VA - the VA medical facilities incorporate creative arts into their recreation therapy programs to further the rehabilitation milieu for both inpatients and outpatients. This annual competition recognizes the progress and recovery made through that therapy, and raises the visibility of the creative achievements of our Nation's Veterans after disease, disability, or life crisis.
CLC - CLC's Student Veterans Club's opportunity to demonstrate our desire to be an active and vital member of the Lake County Community.
Presented by the Cpt. James A. Lovell Federal Health Care Center and CLC's Student Veterans Club
Admission is Free
Studio Theatre - P119 Thursday, Mar. 1, 2018, 7:30 – 9:30 p.m. CST
Lecture Hall/Smart Room - C105 Friday, Mar. 2, 2018, 7 – 9 p.m. CST
Plot summaries are the enemy of this twisty delight, which offers the addictive pleasures of a best-selling page-turner; the handsome period trappings of an Asian Downton Abbey; and an exploration of sexual imagery as intelligent as it is intense. Suffice it to say that a wealthy, bedridden heiress finds herself seduced by two new arrivals: a handsome count and an attentive female servant. But who is working for whom, and will the heir's desires defeat the love of money?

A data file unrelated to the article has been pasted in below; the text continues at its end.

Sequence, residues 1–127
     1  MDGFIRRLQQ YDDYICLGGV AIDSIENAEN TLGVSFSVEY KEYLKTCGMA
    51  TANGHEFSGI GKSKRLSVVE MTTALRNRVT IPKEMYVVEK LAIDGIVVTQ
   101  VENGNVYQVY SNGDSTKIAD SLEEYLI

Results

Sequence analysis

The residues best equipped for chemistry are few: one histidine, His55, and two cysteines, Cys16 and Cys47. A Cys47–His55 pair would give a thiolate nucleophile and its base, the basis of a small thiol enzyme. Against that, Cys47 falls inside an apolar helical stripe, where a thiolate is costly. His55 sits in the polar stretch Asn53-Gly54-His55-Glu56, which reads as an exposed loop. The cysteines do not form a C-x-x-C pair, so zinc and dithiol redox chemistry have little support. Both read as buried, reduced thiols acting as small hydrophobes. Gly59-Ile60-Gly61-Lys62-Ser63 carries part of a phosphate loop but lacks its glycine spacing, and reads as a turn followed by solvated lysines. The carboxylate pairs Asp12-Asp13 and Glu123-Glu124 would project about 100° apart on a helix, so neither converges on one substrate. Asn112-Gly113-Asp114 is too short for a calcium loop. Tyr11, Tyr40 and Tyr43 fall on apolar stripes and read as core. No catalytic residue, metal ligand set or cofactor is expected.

The Handmaiden is "a fiendishly clever, sinfully funny con-job melodrama ... and quite improbably, the year's most genuinely romantic movie."
-The AV Club
CONFERENCE CENTER: AUDITORIUM - A011, CONFERENCE CENTER: LOBBY - A010 Friday, Mar. 2, 2018, 7 – 10 p.m. CST
Free movie for all students and the community.
Studio Theatre - P119 Friday, Mar. 2, 2018, 7:30 – 9:30 p.m. CST
Nationally known author, speaker and journalist John Wasik will explain how Illinois has been the center of major innovations, including the first steel-framed skyscraper, at the STEM Speaker Series at 7 p.m. Feb 22.
More than 130 students from seven Lake County high schools competed in the annual Worldwide Youth in Science and Engineering Academic Challenge competition Feb. 3 at CLC.
The College of Lake County engineering transfer department will hold information sessions Tuesday, Feb. 13 and Thursday, March 15 for prospective students interested in taking the first two years of a Bachelor of Science in engineering degree at CLC.
The College of Lake County received a Best Management Practice Project of the Year award Feb. 1 from the Lake County Stormwater Management Commission. The award recognizes CLC’s work to reduce the pollution of stormwater flowing into area lakes and waterways.